The scheme workers, anganwadi employees, ASHAs, midday meal workers, para teachers, teaching and non teaching staff of National Child Labour Projects, the different categories of scheme workers in the National Health Mission etc joined the strike en masse. Thousands of them participated in the protest demonstrations on the day of the strike.
Railway employees in several places in the country held protest demonstrations in solidarity with the striking working class in the country and against railway privatisation. In some zones and divisions, the joint platforms of railway employees’ organisations formed against railway privatisation, led the protests. In some places, the railway employees joined torch light processions in support of the strike on November 25th evening, along with other trade unions. Railway contract workers’ unions participated in the rallies and dharnas held on the day of the strike in several places. Rail Neer plant employees joined solidarity actions.
ITES employees in Kerala and Telangana joined the strike. The IT companies in the SEZ in Kerala were closed, along with the other companies.
Active participation of IT employees in the campaign was a significant feature in this strike. IT employees in Karnataka, Tamil Nadu, West Bengal etc took initiative in designing and widely circulating the posters, slogans, and popularising the message of the strike through social media, wall writing etc. IT employees also participated in motorbike rallies on the eve of the strike.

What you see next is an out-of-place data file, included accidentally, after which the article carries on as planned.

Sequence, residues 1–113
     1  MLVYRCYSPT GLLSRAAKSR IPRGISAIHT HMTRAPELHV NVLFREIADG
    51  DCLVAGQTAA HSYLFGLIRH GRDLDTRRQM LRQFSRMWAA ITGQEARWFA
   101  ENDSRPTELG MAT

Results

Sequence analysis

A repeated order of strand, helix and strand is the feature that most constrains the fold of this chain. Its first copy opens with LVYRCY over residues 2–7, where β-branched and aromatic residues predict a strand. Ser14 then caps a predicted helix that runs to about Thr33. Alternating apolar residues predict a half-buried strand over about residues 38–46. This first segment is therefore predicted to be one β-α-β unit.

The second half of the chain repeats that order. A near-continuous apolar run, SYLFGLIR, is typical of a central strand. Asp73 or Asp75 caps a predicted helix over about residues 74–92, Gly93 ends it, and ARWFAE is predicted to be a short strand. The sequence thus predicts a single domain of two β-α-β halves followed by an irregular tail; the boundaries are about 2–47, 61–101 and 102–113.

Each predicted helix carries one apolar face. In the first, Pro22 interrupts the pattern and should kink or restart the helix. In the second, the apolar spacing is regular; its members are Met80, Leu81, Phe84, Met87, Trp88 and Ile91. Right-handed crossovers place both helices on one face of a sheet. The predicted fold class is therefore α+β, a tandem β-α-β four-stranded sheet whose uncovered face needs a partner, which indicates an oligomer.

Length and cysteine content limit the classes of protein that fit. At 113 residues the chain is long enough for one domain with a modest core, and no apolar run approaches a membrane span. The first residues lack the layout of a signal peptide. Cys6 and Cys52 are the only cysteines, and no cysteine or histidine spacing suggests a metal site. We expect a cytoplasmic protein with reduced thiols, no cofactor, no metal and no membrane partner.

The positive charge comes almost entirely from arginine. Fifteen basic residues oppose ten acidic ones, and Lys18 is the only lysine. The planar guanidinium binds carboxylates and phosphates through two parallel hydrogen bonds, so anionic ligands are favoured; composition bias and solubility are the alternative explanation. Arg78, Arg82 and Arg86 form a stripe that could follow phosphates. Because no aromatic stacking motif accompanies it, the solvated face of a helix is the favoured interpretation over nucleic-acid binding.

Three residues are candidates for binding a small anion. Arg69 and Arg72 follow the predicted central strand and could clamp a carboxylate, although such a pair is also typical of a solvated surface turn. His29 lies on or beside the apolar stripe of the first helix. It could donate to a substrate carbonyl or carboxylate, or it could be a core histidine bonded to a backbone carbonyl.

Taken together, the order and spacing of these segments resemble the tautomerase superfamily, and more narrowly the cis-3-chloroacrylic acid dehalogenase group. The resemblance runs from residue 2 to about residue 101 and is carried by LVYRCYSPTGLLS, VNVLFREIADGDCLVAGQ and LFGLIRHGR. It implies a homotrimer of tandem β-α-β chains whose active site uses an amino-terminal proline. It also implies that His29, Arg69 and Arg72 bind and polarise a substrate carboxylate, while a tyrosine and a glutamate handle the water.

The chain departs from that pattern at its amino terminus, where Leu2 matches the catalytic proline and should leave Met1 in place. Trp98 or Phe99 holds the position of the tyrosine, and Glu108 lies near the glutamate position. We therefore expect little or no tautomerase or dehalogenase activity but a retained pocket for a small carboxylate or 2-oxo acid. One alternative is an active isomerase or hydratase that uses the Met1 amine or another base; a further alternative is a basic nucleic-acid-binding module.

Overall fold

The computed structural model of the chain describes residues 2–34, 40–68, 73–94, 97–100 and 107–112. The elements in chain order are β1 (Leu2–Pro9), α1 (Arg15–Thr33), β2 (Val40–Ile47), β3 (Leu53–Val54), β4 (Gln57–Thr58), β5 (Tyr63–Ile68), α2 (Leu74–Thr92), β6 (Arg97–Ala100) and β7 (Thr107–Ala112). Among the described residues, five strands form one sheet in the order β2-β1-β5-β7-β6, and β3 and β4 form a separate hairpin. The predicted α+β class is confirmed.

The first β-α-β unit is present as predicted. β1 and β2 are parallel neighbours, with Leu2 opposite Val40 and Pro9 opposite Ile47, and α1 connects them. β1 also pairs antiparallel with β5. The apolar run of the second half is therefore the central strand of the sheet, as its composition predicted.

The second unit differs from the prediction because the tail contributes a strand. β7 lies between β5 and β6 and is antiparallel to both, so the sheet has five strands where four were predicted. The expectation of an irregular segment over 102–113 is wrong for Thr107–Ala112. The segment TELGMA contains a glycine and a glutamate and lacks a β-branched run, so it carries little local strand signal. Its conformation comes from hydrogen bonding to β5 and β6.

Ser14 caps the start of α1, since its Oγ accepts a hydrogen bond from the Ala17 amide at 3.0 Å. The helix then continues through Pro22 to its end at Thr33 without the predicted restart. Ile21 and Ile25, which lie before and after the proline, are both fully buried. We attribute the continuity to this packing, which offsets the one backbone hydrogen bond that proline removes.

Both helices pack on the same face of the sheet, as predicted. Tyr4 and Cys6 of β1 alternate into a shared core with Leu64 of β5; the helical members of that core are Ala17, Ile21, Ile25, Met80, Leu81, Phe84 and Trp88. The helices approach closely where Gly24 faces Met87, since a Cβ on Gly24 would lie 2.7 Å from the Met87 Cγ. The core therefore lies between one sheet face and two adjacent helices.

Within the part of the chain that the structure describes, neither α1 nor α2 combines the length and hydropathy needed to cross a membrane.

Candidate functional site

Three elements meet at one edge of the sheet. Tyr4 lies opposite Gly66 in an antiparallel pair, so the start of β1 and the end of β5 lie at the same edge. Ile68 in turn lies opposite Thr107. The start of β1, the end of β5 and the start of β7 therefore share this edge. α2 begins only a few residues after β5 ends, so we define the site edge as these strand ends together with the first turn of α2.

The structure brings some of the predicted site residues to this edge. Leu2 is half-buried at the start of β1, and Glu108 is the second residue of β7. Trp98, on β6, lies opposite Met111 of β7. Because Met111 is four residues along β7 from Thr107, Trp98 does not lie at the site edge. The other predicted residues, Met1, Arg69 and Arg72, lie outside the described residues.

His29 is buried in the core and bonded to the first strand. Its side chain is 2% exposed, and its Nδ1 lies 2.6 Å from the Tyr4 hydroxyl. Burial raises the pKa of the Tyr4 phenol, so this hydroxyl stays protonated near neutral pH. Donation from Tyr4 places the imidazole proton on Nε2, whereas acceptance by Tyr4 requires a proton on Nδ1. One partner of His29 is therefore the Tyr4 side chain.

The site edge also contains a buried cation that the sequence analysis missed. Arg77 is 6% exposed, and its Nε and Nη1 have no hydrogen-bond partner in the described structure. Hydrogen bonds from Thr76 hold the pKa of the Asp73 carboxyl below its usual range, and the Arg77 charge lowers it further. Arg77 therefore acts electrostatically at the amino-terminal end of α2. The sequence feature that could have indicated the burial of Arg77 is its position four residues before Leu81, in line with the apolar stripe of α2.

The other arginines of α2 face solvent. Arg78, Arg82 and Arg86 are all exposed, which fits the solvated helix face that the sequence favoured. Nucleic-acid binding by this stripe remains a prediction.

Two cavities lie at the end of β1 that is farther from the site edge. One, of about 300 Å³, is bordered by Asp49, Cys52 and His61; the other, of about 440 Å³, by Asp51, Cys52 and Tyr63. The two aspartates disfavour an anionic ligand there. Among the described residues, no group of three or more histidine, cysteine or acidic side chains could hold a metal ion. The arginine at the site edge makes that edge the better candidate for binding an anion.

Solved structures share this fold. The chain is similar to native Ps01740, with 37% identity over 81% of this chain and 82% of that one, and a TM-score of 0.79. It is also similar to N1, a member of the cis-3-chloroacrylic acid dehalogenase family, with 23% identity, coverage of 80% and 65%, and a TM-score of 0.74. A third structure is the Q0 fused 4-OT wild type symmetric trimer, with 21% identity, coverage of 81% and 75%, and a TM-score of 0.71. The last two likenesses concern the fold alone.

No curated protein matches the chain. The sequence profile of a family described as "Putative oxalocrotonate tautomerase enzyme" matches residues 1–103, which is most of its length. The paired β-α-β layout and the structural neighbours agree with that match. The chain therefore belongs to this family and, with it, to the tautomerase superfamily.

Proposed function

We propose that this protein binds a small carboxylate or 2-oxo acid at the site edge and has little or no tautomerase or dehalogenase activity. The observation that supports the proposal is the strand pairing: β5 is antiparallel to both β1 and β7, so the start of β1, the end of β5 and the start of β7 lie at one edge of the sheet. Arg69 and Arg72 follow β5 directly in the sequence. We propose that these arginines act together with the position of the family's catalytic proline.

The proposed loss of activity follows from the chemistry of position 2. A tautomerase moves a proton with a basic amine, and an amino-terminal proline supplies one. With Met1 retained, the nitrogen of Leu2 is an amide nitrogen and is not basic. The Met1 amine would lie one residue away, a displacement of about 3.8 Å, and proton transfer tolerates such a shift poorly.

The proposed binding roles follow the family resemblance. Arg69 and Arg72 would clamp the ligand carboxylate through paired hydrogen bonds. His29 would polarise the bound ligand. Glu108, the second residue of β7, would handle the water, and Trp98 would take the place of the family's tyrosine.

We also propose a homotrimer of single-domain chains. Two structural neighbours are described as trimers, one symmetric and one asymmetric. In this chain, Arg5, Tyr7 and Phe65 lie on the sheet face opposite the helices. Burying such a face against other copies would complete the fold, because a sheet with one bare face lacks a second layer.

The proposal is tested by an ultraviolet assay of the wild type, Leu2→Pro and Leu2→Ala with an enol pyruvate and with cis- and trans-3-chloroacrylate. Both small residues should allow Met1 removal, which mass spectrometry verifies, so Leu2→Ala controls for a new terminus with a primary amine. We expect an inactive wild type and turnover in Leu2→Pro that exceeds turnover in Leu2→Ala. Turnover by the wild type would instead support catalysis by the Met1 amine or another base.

Indian seafarers on sea in Indian and foreign vessels owned by Shipping Corporation of India, Dredging Corporation of India, Director Shipping Services (DSS – Andaman), Essar Shipping etc sent solidarity messages from around the world. Seamen working in several foreign vessels also sent solidarity messages.
Retired employees and pensioners and their organisations fully supported the strike and many of them actively campaigned for its success.
STRIKE IN THE STATES
The strike took the shape of bandh in states like West Bengal, Kerala, Tripura, Assam, Odisha, in some districts in Jharkhand etc.
In Andaman and Nicobar Islands, postal and BSNL employees were on strike; mass dharna and public meeting was held in support of the strike in Port Blair.
Strike was a complete success in Andhra Pradesh despite cyclonic storm and heavy rains. Over 20 lakh workers participated in the strike as per initial reports. Preventive arrests were made in Krishna and West Godavari districts. Around one lakh workers participated in the rallies, bike rallies and processions and public meetings in pouring rain. Strike was total in postal, insurance and banks. SWF affiliated to CITU served strike notice in the state road transport corporation and all SWF members participated in the strike. Head load workers, construction workers, autorickshaw workers, aqua workers, cashew workers etc participated in the strike across the state. Anganwadi employees and ASHAs fully participated in the strike. 60-70 per cent municipal workers and health workers participated in strike in major corporations and municipalities.